In other words, how important is originality in fiction?

Should you be trying to write something original?

First:  what makes you think you would recognize originality if you saw it? 

When I was reading slush for several online magazines, I would run across the same idea over and over again, written by people who clearly had no idea that anyone else had written that idea before.  Because I mostly read darker stories, I liked to joke about the “Oh no my ex was murdered by a monster and I could do nothing–nothing–to save them!” stories.

Which I saw a lot.

There’s even a particular type of story that seems to be written by people who think they’re being original.  I call it “the asshole’s downfall,” and it mirrors the hero’s journey described by Joseph Campbell and others:

  • A guy with no life, either a mediocre job or no job at all
  • Dreams of better things
  • Including being abusive to women, usually
  • While slipping back and forth between dreams and reality
  • Until finally he dies, or goes back to his mediocre job, or his bar or whatever
  • The End.

Tropic of CancerRequiem for a Dream, pretty much everything by Bukowski, The Woman in the Dunes, the list goes on. Rabbit, Run.

Both the author and the people who like that kind of thing seem to think each new iteration is fresh and original–and, compared to the endless iterations of the hero’s journey that we’ve been getting lately, it is.  Some”asshole’s downfall” books are very good, even.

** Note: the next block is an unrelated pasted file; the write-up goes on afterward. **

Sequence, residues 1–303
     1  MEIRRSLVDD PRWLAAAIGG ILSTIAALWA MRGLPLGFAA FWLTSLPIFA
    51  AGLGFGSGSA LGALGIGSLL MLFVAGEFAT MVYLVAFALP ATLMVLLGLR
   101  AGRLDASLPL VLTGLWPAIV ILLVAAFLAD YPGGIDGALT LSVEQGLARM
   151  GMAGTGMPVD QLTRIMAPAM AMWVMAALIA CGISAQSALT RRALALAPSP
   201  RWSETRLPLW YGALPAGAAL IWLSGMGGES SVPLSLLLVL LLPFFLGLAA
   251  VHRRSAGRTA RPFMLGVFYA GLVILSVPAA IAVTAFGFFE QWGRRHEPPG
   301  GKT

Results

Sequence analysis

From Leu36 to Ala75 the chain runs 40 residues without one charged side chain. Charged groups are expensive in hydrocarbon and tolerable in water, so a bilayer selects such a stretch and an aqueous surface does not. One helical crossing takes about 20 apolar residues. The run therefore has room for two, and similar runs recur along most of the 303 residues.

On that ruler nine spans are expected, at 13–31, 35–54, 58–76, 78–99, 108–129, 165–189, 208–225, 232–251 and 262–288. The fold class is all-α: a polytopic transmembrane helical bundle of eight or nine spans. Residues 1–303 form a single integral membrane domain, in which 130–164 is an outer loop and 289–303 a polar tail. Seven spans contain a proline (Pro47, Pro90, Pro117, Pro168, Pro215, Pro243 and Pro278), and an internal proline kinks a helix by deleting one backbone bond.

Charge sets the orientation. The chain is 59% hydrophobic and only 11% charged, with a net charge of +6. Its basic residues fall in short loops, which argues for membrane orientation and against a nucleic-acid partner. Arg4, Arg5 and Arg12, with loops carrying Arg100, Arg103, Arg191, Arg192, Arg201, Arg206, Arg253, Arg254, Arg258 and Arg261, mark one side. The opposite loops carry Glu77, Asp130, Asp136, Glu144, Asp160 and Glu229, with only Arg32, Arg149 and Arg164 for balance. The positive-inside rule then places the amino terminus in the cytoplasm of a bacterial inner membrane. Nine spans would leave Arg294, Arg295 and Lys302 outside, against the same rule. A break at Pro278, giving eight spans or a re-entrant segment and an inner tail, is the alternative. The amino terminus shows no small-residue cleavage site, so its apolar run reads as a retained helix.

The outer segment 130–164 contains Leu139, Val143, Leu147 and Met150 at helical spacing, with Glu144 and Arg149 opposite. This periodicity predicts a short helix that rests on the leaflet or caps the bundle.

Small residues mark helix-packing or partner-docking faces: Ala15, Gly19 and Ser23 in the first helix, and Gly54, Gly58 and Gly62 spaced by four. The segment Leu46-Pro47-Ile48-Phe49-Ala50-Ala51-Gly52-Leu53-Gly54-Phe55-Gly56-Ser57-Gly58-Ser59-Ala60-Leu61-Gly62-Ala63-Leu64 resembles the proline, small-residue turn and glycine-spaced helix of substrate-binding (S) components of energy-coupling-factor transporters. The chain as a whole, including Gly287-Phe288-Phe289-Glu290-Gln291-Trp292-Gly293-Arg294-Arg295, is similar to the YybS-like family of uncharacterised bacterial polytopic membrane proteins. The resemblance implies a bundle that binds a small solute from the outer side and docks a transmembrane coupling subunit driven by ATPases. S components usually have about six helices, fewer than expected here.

The point is not that they’re bad.  The point is that the story gives the illusion of freshness and originality, but doesn’t actually provide it.

In other words, there’s a difference between originality and the appearance or feeling of it.

Second, if you did write something truly original, who would want to read it?

When people read books, they read to satisfy some need within themselves.  They want to feel smarter.  They want to escape their lives.  They want their beliefs to feel completely justified.  They want to see things happen (like revenge) that they know wouldn’t fly in real life.  They want to see the underdog win against overwhelming odds.  They want to see true love.  They want to see people that they identify with doing something fantastic and unusual.  They want the people they don’t like to suffer, and the people they do like to succeed.

A truly original book is only going to succeed with an audience if it supplies an original need.  Otherwise, it’s a curiosity at most.

So, if not originality, then what?

I suggest being specific instead.

The way you see the world will never be exactly replicated.  The place, the time, your point of view and opinions, the context of the audience you’re trying to reach–those things can never be replicated.

Kafka wrote some strange works, but they resonated with his German-speaking Jewish audience in Prague, who often laughed their way through the dark worlds he created.

American Psycho was published in the aftermath of the 1980s, by a New York writer running on empty.

Even something really unusual like If on a Winter’s Night A Traveler comes from, and contributes to, a group of metafictional writers and semioticians who are exploring what meaning itself means.

Don’t be original.  Be specific.

The world is madness which can only be combatted with sly nonsense.  Read the latest at the Wonderland Press-Heraldhere!